Critical densities

Critical densities - Critical densities. Decays from such

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Critical densities . Decays from such collisionally-excited transitions are usually forbidden (except for some strong UV carbon and Mg lines). The cooling rate is then L c = N e N i q 12 h ν 21 if the atoms remain in the excited state until they radiate. This is true as long as the density is much less than the critical density at which collisional de-excitation happens as often as radiation. This is a useful diagnostic - if we don't see certain lines of an ion, it may be because the density is too high for their radiation to occur. This happens when the mean time between collisions is comparable to or less than the radiative lifetime A 21 -1 . The critical density for a given transition is, by definition, that for which these rates are equal; note that we need to include all collisions that will change the electron's state. Per unit volume, at the critical density N cr , or using the q notation This may usually be calculated for a temperature 10 4 K (nebulae range from about 0.8 to 1.3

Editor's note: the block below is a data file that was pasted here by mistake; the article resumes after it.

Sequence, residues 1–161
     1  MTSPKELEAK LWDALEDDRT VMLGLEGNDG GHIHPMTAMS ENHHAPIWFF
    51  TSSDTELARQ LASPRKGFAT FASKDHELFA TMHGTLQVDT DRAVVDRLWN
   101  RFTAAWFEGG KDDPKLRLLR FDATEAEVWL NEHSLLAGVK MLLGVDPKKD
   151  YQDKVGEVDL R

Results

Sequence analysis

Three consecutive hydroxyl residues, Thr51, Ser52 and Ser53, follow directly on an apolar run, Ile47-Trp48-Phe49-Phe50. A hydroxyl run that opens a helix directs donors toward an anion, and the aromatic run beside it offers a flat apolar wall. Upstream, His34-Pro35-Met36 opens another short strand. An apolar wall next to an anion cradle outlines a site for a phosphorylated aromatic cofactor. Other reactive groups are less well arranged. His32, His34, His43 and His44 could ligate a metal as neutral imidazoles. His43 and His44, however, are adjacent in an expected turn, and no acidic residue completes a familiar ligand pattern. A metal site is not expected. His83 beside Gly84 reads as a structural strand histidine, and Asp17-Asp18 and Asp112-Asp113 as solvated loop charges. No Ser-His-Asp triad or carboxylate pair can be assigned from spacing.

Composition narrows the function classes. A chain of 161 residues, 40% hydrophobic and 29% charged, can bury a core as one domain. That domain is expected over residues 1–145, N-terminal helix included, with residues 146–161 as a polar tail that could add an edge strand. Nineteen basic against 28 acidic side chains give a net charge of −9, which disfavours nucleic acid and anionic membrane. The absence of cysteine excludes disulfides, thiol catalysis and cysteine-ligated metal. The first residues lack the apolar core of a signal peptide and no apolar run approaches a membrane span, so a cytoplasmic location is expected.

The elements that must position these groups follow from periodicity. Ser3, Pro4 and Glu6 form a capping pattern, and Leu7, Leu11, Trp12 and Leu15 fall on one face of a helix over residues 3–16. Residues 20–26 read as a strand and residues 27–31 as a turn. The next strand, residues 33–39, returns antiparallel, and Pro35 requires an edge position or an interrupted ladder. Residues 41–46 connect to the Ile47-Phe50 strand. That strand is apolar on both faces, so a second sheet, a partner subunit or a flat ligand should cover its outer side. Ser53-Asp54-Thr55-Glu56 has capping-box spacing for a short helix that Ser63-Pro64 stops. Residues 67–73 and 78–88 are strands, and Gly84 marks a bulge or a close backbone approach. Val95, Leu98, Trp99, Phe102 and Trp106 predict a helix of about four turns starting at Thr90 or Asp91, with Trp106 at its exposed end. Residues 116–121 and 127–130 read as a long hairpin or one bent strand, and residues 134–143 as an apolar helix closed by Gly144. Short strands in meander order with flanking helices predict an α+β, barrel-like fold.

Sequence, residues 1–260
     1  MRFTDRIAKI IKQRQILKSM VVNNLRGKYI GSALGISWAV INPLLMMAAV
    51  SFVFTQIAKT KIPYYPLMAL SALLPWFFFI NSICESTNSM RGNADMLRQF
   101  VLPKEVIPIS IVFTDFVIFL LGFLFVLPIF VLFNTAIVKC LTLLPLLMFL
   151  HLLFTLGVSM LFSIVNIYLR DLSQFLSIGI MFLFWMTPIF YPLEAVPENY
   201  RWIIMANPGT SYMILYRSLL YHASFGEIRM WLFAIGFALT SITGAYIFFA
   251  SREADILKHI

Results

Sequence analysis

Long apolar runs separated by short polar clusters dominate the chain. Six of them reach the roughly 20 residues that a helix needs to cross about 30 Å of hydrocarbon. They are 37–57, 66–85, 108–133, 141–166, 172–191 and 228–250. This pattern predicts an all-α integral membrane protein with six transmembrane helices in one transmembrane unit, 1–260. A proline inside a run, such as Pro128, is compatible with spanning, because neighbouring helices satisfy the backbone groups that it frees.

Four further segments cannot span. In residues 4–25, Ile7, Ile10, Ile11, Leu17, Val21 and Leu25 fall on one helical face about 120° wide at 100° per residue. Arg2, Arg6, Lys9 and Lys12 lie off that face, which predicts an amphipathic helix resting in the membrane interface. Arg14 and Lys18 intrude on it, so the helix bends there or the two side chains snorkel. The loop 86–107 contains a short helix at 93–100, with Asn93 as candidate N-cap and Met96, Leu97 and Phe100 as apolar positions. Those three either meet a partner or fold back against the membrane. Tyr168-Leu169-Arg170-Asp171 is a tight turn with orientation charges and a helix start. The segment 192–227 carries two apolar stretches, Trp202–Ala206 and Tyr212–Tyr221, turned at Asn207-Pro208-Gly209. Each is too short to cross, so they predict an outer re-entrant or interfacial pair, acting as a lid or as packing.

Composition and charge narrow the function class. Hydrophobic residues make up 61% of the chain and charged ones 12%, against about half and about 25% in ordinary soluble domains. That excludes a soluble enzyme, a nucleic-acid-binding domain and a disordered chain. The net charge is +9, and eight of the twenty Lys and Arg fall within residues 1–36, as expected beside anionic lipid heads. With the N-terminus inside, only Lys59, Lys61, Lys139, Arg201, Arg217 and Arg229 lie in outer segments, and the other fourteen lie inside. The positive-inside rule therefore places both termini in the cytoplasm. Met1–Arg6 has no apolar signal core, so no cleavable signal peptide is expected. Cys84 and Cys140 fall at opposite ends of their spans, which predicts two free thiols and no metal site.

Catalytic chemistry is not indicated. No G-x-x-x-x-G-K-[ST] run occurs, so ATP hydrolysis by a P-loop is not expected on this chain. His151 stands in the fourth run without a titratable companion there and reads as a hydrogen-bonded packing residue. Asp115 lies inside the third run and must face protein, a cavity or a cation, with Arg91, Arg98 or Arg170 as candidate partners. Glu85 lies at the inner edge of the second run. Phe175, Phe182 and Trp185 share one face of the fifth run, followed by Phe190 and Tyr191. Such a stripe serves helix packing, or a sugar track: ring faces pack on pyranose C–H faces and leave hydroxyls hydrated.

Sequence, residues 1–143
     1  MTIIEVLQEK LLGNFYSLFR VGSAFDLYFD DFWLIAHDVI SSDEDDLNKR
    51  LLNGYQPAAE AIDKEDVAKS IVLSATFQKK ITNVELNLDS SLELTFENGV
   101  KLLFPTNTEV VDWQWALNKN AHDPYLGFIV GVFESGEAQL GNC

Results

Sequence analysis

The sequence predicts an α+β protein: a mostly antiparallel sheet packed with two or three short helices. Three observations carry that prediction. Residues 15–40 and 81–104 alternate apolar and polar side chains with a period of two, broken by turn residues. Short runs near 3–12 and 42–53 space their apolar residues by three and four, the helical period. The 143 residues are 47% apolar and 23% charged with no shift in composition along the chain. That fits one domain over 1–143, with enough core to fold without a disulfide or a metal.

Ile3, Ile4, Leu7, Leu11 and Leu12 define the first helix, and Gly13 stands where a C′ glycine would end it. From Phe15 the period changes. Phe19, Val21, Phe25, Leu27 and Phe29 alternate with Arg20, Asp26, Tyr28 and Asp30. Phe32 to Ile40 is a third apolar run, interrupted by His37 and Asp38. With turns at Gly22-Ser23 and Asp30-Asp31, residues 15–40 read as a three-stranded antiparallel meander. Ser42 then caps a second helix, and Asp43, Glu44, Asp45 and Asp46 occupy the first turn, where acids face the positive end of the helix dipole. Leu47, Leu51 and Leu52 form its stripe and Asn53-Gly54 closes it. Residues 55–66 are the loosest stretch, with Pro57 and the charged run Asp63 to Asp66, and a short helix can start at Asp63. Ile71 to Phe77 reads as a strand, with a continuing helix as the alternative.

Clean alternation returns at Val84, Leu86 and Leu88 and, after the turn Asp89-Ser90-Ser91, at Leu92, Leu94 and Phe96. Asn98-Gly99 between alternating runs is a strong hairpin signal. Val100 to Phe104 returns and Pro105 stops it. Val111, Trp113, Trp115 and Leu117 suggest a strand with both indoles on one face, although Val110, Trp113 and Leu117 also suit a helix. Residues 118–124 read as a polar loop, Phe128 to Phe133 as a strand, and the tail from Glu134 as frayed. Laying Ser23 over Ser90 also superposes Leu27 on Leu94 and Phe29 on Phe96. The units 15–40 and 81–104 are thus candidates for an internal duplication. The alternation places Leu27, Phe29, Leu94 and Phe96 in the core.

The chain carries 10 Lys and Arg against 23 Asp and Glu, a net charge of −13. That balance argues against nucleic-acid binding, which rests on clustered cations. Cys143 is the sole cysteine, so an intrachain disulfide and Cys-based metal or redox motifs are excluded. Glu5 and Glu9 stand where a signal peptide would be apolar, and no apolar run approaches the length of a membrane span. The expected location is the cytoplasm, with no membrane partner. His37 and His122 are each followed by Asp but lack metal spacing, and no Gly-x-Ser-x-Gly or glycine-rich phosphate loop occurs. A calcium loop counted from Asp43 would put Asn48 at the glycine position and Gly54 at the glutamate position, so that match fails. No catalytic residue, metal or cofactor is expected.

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Critical densities - Critical densities. Decays from such

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